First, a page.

The attorneys argue that the CalSavers program goes against ERISA's intent for a voluntary benefits offering and a nationally uniform plan administration structure.
Trial was to begin on the case September 16.
“The plaintiffs’ lawyer playbook is the same,” says Brian Netter of Mayer Brown. “First, survive a motion to dismiss, and then subject the defendant to a very expensive discovery process. It creates incentive to enter into a sizable settlement.”
The plaintiffs in the ERISA lawsuit say they intend to seek injunctive relief preventing MIT from hiring vendors for its retirement plan that are donors or accepting donations from existing vendors to the plan.
The move by Greystar comes after the 9th U.S. Circuit Court of Appeals issued a ruling that Schwab could enforce its retirement plan’s arbitration clause requiring participants to file individual claims and to waive class-action claims.
A District Court has affirmed most of the recommendations made by a Magistrate Judge, who previously issued a memorandum concluding the ERISA fiduciary breach case should proceed.
The complaint said Atrium has never satisfied the Federal law definition of a government of a state, a government of a political subdivision, or an agency or instrumentality of such and, therefore, its benefit plans do not qualify as ERISA-exempt governmental plans.
Plaintiffs says defendants failed to properly monitor and control the plan’s expenses, and allowed the plan to become one of the most expensive “jumbo” 401(k) plans in the country.
A district court granted summary judgment to OSF Healthcare System, but the 7th Circuit found there are genuine issues of material law that warrant more discovery in the case.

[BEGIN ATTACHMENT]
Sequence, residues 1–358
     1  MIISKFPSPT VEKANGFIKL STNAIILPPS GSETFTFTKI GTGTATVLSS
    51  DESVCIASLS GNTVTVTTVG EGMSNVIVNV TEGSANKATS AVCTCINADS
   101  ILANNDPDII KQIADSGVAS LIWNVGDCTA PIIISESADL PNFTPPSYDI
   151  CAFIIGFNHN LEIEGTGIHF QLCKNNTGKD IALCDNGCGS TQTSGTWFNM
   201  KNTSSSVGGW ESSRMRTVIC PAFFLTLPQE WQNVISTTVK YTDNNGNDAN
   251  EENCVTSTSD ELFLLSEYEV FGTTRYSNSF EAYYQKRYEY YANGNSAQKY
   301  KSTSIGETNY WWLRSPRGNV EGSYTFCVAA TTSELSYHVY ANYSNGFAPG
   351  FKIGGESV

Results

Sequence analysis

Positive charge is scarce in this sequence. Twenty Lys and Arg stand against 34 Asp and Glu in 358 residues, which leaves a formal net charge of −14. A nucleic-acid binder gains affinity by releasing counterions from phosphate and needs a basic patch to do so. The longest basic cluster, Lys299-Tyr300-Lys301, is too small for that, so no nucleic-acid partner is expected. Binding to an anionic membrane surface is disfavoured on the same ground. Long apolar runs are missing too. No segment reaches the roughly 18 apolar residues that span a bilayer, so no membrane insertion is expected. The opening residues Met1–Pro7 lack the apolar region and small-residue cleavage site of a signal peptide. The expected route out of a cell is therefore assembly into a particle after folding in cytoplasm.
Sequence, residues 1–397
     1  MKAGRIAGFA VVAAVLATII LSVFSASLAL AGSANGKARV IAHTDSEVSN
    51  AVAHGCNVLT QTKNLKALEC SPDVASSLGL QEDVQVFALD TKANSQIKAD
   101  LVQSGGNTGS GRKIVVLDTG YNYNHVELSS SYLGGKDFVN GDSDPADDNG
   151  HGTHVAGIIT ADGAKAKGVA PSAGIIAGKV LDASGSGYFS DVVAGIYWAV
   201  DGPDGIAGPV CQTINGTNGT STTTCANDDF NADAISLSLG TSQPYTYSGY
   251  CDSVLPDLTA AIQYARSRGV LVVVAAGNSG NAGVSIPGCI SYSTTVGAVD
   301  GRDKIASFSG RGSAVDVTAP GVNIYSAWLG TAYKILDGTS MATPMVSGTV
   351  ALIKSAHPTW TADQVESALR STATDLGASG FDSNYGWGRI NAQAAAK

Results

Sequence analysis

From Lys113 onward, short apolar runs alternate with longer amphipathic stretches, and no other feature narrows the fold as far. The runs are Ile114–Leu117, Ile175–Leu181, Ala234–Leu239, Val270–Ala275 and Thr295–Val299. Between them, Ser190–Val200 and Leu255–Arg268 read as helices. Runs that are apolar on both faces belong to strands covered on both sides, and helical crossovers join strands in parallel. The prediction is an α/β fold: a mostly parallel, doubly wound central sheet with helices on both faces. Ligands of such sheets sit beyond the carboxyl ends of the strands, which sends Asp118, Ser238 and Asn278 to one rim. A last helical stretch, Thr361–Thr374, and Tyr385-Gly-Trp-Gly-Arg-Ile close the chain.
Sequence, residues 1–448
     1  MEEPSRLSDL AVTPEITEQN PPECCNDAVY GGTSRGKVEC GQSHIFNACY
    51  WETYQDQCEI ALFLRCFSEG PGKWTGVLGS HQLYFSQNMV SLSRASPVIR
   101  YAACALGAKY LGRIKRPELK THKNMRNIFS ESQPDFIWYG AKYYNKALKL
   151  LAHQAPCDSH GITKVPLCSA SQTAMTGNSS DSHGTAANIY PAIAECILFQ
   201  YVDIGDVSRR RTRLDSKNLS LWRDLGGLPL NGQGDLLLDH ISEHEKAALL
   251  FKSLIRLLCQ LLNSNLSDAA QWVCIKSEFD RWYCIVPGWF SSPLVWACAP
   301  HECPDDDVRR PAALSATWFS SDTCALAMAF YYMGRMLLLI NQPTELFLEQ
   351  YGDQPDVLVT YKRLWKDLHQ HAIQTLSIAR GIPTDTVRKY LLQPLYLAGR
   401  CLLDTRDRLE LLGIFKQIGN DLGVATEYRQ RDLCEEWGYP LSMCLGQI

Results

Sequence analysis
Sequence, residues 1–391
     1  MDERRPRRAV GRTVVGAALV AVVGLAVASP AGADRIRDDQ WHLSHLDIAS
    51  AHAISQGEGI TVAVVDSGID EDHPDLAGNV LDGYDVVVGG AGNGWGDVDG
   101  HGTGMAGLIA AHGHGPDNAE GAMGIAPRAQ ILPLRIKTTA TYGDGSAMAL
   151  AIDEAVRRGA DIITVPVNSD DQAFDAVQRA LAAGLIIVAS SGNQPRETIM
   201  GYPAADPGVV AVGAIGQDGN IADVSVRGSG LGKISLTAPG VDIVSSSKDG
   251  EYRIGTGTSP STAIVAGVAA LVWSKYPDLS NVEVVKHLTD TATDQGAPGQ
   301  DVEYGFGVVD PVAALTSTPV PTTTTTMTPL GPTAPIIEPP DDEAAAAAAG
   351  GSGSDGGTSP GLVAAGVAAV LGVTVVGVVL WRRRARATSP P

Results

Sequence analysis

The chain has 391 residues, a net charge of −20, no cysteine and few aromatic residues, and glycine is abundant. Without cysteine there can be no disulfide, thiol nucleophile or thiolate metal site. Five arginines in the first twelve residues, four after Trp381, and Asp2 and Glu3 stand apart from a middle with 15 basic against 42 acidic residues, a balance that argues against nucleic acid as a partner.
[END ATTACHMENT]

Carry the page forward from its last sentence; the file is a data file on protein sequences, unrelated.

A three-judge panel concluded that a precedent-setting appellate decision which held that ERISA claims are not arbitrable is “no longer good law” in light of interim Supreme Court rulings.
Retirement plan fiduciaries at Intel are accused of exposing investors to bets on speculative areas of the markets.
As a general rule, “Doe pleading” is disfavored in federal court. However, the practice is not entirely forbidden, particularly where the identities of alleged defendants are unknown.
Among other things, a federal court judge found the director of benefits at Kaleida Health and the retirement plan committee of its 403(b) and 401(k) plans were fiduciaries.
John Hopkins University will settle a long-standing ERISA lawsuit—one of a number of virtually identical cases filed in district courts across the country by Schlichter, Bogard and Denton.
Using other court decisions, including one from the Supreme Court, the medical center's plan was found to fall under the "church plan" definition in ERISA.
A federal court has rejected the argument that defendants were aware that their predecessor fiduciaries had breached their duties in selecting affiliated funds and thus that they breached their own duties by failing to take adequate steps to remedy the original alleged breaches.
Among other elements, Title IV of ERISA is used to determine liability for PBGC termination premiums.
The Supreme Court will weigh in on the question of whether an adequately funded pension that is not in immediate danger of insolvency could have wronged participants and breached ERISA in the selection of poorly performing investments offered by an affiliate company.